She has made headlines in the past.

She was CEO of TalkTalk when in 2015 it fell victim to a data breach that led to nearly 157,000 people’s personal data being accessed by hackers.  The company was fined £400,000 for “security failings”. During her time at TalkTalk she received two wooden spoon awards, in 2010 and 2011, for poor customer service dished out by the Daily Mail’s Money Mail section. There is a rather sullen photograph of her with one of the wooden spoons – according to the newspaper she would not pose with both “awards”. At the time she admitted that the company’s customer service was “not yet good enough”.

Wasn’t she a friend of David Cameron?

Yes, they were at Oxford together; where she studied politics, philosophy and economics. She was appointed a member of the House of Lords by Mr Cameron in 2014. She held senior roles at Tesco and Sainsbury’s and was made CEO of TalkTalk in 2010. In 2017 she was appointed chair of NHS Improvement. She has also been a jockey and is on the board of the Jockey Club, which owns Cheltenham Racecourse. She is married to the Conservative MP John Penrose, who is on the advisory board of the think-tank 1828, which has published reports calling for Public Health England to be “scrapped”. It has also called for the NHS to be replaced by an insurance system.

Yesterday Mike put up another article tearing into her appointment and the dismantling of Public Health England, which contained a number of searing comments from the good folks on Twitter, Independent SAGE experts and the head of the Nuffield Trust, Nigel Edwards.

For once, Johnson was right – it takes ‘world-beating’ incompetence to screw up the health service mid-pandemic crisis

In a previous article criticising the decision, Mike also reproduces a Tweet from neil flek Waugh, which also shows how corrupt and nepotistic her appointment is.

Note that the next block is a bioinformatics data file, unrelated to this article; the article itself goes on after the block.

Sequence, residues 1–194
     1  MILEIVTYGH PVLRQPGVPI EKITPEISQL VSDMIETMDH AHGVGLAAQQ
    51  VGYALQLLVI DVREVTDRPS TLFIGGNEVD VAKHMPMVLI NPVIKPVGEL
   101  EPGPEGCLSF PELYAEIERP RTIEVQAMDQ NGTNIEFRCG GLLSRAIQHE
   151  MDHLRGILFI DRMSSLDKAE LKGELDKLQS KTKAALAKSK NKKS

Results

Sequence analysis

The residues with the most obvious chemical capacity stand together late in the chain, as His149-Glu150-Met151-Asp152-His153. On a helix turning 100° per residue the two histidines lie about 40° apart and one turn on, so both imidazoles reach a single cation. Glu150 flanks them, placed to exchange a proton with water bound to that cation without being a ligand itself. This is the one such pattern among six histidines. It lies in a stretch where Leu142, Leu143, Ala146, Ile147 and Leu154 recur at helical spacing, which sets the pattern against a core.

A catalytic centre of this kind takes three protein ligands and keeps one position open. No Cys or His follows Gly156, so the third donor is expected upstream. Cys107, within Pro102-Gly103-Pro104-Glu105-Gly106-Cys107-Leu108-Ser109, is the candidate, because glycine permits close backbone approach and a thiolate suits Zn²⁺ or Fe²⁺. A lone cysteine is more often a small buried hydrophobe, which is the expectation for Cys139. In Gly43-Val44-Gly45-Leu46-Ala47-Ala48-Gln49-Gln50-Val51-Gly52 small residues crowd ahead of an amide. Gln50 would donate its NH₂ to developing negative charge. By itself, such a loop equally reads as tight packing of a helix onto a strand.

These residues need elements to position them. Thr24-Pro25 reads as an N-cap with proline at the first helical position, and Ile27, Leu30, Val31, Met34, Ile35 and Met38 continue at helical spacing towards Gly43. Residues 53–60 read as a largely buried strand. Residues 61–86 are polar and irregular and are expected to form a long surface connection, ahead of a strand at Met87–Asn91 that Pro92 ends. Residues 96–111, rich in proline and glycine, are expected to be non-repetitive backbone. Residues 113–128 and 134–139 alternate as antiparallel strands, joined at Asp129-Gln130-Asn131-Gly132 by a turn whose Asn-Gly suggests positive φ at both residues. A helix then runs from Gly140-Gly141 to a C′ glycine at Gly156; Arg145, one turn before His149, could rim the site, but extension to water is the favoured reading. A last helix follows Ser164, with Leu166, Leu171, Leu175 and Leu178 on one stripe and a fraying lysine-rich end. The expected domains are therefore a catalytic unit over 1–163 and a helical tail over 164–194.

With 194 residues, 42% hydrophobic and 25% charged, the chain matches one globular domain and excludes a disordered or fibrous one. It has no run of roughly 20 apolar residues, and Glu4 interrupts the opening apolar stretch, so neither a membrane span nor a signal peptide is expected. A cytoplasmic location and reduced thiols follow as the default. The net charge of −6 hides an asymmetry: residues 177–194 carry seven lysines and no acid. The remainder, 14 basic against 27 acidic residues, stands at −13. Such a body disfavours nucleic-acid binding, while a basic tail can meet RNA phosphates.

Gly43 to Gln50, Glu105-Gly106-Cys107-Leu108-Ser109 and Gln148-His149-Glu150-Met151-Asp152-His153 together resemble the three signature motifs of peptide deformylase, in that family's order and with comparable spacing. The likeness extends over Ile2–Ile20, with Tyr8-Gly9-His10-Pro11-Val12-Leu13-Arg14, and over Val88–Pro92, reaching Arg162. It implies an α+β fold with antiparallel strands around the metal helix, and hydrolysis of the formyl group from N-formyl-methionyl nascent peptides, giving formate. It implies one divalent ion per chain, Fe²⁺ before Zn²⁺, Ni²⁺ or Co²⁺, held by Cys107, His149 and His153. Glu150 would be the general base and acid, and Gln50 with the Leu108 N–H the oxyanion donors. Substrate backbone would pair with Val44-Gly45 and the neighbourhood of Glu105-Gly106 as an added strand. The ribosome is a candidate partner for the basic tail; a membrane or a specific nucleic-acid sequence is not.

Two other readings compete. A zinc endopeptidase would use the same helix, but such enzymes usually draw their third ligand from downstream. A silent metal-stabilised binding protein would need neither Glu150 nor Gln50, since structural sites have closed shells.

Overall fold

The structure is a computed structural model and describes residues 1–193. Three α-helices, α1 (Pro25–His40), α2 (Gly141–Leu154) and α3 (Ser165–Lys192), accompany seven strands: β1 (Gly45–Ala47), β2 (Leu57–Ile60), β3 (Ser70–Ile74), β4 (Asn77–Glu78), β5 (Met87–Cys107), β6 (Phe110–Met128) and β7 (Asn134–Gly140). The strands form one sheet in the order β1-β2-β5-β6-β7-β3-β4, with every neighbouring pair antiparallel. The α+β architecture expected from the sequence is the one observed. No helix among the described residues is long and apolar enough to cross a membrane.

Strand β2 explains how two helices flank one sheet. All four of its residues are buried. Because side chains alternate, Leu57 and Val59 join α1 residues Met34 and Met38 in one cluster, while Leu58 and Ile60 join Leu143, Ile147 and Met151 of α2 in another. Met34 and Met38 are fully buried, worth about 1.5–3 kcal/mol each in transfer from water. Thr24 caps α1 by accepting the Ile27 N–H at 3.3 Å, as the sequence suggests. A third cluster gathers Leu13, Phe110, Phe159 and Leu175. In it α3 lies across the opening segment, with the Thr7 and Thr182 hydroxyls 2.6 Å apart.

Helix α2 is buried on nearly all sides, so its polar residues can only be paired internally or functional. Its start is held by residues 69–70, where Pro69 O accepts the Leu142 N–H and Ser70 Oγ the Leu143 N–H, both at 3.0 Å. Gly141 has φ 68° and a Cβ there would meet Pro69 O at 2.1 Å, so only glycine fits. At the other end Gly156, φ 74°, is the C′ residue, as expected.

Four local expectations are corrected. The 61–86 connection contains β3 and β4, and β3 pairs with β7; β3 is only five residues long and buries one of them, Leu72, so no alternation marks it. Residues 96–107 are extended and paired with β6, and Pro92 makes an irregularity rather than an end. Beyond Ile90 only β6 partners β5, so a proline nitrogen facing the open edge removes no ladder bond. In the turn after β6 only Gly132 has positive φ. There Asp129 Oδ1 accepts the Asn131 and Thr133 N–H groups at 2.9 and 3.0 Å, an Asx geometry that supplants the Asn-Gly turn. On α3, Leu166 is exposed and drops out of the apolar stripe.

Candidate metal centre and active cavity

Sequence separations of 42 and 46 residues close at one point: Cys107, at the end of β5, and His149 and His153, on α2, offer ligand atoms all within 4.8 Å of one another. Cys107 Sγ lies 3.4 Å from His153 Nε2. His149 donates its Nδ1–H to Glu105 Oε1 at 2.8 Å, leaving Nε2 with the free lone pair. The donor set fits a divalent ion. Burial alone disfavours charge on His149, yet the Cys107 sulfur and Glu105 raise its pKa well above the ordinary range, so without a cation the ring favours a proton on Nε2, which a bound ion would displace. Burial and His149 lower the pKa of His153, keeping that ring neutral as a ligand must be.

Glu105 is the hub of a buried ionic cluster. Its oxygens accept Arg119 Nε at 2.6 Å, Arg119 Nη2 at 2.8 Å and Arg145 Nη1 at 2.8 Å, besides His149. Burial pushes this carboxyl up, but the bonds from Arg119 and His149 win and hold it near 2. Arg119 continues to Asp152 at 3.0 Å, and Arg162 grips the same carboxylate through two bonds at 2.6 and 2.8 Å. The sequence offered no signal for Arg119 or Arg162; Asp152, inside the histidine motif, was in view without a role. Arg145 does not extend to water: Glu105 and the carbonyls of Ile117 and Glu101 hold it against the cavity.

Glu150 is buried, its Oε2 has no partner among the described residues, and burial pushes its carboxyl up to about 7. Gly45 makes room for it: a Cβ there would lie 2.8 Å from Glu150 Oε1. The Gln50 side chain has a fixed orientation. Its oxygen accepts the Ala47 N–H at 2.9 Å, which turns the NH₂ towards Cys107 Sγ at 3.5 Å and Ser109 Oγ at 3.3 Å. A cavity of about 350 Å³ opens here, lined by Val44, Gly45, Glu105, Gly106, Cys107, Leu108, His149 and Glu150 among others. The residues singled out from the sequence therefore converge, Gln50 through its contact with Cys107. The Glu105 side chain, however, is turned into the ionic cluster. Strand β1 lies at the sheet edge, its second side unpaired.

Matt Hancock’s relationship with Dido Harding is totally corrupt. She raised more than £600,000 for his leadership bid. And as Health Secretary he rewarded her with the position of head of TTT, which failed. He is now scrapping NHS England, and she will head up the new body.

See: https://voxpoliticalonline.com/2020/08/17/public-health-england-to-be-axed-as-matt-hancock-desperately-blame-shifts/

And her appointment wasn’t announced to parliament, but to Policy Exchange, a right-wing think-tank founded by the odious Michael Gove.

https://zelo-street.blogspot.com/2020/08/hancock-hails-harding-head-health-honcho.html

Her connection to Cheltenham Racecourse is cause for concern in itself. There were calls earlier this year for the Cheltenham Festival to be cancelled because of the threat of the Coronavirus. It wasn’t, and as a result there was an outbreak in the town. More profit before people.

And does anyone really believe that she does not share her husband’s desire to see the NHS sold off and replaced by an American insurance-driven system, the system that has seen millions of Americans unable to afford proper health care, and going bankrupt and dying because of it?

This is yet another step in the Tory privatisation of the NHS. And Cameron, Johnson, Hancock and Harding are fully behind it.

 

https://twitter.com/Cornish_Damo/status/1295699047890771973/photo/1?ref_src=twsrc%5Etfw%7Ctwcamp%5Etweetembed%7Ctwterm%5E1295797226707521540%7Ctwgr%5E&ref_url=https%3A%2F%2Fvoxpoliticalonline.com%2F2020%2F08%2F19%2Ffor-once-johnson-was-right-it-takes-world-beating-incompetence-to-screw-up-the-health-service-mid-pandemic-crisis%2F